Vertebral disks are small, round, rubbery structures found between the bones of your spine. They help to allow you to move and provide protection for bones and nerves. However, they are susceptible to injury.
There are many different names for disk injuries. They can be described as slipped, herniated, ruptured, or bulging. With so many different names, you may think that there are many different ways that the disks can be injured.
However, the different names are somewhat deceptive. Slipped disk, ruptured disk, and herniated disk are all different names for the same type of injury. On the other hand, a bulging disk is something slightly different.
Vertebral disks consist of two layers. The outer layer is called the annulus. It consists of tough, rubbery cartilage. The inner layer is called the nucleus. It consists of a soft, gel-like substance. Together, the two different parts of the disk help to cushion the bones of the spine and allow them to move without rubbing up against one another. The disks also help to absorb shock from any blow to the spine.
A ruptured disk occurs when the annulus becomes torn. The nucleus can then leak out from the opening that results, much like the air might leak out of a punctured tire or the filling might leak out of a hole in a jelly donut. As the nucleus leaks out, it can put pressure on the nerve roots that extend out from the spine. This can cause symptoms such as pain, numbness, and tingling.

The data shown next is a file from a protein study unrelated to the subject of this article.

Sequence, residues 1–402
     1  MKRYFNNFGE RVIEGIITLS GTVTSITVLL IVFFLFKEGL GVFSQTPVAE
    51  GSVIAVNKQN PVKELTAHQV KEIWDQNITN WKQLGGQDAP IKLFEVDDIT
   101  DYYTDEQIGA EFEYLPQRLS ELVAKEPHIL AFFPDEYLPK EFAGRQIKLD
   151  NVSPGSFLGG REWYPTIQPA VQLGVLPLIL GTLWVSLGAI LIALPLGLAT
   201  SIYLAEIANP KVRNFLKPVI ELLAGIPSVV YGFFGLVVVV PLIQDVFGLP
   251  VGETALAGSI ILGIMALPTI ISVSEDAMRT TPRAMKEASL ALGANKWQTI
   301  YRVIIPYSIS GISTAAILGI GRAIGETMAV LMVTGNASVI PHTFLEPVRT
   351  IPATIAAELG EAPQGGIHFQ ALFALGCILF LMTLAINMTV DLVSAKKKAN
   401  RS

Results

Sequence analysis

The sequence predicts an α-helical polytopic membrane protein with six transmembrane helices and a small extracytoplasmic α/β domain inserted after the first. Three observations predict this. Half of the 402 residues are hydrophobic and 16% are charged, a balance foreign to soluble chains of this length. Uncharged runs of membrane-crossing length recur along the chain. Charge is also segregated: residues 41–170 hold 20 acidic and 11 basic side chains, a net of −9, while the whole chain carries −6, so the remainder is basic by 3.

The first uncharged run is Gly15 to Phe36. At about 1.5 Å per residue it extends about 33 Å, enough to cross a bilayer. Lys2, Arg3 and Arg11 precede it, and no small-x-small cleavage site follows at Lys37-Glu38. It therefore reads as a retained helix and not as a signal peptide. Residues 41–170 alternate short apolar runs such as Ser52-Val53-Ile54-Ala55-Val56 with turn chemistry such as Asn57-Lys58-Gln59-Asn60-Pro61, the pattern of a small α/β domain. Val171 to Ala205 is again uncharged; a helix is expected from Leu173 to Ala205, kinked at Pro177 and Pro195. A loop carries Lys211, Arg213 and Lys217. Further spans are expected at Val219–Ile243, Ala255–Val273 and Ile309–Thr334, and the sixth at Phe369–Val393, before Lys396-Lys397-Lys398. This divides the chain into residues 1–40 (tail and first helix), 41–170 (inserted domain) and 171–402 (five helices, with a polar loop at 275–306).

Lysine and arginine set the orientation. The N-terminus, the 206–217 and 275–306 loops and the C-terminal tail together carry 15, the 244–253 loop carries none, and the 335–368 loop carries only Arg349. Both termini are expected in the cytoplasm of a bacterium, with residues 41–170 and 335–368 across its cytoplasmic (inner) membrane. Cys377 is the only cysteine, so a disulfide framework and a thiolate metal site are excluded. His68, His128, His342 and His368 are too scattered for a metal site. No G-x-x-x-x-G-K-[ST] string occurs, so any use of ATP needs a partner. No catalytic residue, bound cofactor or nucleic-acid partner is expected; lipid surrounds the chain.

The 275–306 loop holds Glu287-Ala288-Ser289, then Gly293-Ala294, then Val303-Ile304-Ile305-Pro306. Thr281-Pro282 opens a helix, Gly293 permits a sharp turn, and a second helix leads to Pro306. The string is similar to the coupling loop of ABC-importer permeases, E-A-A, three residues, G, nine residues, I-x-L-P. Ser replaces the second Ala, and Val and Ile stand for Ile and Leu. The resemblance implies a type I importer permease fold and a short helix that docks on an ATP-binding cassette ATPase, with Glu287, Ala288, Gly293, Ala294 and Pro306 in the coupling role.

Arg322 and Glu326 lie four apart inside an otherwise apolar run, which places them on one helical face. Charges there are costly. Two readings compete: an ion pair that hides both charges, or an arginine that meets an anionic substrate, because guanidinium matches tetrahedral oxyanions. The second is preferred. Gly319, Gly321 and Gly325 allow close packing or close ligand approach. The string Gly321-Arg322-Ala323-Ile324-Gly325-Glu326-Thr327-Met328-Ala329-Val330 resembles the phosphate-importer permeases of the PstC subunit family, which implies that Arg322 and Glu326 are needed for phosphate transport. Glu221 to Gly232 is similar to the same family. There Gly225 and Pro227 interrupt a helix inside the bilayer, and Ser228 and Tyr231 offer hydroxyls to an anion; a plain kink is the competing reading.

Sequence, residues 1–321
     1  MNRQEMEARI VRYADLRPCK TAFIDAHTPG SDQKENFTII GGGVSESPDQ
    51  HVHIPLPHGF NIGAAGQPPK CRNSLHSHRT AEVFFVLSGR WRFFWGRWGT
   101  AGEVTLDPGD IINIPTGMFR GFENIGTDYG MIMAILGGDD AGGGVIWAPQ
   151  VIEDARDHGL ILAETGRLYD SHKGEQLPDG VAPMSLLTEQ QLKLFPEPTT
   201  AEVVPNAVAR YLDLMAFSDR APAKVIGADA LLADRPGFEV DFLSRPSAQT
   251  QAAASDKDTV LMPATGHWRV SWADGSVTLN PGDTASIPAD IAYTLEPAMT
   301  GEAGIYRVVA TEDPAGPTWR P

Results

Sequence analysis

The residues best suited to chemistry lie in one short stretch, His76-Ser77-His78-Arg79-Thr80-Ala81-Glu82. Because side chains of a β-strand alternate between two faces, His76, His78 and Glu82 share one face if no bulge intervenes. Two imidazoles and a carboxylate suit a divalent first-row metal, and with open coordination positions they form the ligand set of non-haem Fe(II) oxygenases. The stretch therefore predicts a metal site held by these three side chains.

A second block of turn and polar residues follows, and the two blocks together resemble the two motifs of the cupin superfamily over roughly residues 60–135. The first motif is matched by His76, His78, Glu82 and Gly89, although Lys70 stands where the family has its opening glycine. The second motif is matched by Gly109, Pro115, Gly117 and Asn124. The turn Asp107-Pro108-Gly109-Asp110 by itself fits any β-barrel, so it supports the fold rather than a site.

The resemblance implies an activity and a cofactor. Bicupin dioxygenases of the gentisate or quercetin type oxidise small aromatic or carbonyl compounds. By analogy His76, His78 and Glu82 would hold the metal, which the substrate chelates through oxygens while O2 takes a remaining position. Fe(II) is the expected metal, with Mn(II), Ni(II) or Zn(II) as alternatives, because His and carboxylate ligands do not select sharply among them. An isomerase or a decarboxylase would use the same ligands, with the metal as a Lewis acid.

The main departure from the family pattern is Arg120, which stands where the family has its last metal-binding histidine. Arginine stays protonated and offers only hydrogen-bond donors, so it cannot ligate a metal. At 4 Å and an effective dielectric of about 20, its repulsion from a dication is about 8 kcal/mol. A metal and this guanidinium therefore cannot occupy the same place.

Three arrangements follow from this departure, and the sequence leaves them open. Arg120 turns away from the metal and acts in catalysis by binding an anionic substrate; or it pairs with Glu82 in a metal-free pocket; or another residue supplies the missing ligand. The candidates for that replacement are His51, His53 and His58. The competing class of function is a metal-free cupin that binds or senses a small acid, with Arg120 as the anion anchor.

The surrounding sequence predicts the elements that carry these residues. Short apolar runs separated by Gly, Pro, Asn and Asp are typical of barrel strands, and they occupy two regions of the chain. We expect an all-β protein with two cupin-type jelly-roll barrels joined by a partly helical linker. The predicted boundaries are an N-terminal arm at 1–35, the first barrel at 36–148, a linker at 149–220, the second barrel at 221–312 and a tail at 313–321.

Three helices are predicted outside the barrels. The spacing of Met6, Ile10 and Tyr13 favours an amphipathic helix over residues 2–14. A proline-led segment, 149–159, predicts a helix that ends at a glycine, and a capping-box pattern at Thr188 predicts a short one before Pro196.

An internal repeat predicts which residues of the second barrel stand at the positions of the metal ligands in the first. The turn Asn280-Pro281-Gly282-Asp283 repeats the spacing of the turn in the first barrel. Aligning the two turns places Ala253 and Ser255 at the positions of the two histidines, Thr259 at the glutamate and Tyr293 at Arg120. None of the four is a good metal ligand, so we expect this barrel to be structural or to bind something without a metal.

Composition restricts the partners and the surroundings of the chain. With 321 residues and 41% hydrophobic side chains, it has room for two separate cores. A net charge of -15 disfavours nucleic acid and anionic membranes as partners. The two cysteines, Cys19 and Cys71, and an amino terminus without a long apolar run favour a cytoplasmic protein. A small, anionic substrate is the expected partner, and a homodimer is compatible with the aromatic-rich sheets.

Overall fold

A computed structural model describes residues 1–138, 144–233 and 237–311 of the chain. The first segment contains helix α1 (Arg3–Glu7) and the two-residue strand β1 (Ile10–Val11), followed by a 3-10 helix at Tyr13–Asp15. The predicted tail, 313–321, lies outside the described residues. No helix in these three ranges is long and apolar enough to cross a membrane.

Where a herniated disk is often caused by an acute injury, a bulging disk occurs over time. Wear and tear on the annulus can cause the cartilage to weaken. When this occurs, it allows the nucleus to spread out beyond its usual confines. However, the annulus does not tear, so the nucleus is still contained within it. The bulging of the annulus and nucleus together can also put pressure on the nerve roots, just as a slipped disk can. Therefore, the symptoms of each can be similar.
Because multiple disks can be subject to similar pressures over time, it is fairly common to have more than one bulging disk occur at once. However, because ruptured disks usually result from traumatic injury, they usually occur in isolation.
Though disk injuries are most common in the low back, they can occur at any level of the spine. In the neck, they can cause pain, numbness, and tingling of the upper extremities. Chiropractic care, like Back Pain Doctor, may be helpful in treating back and neck pain. Schedule an appointment by calling our office.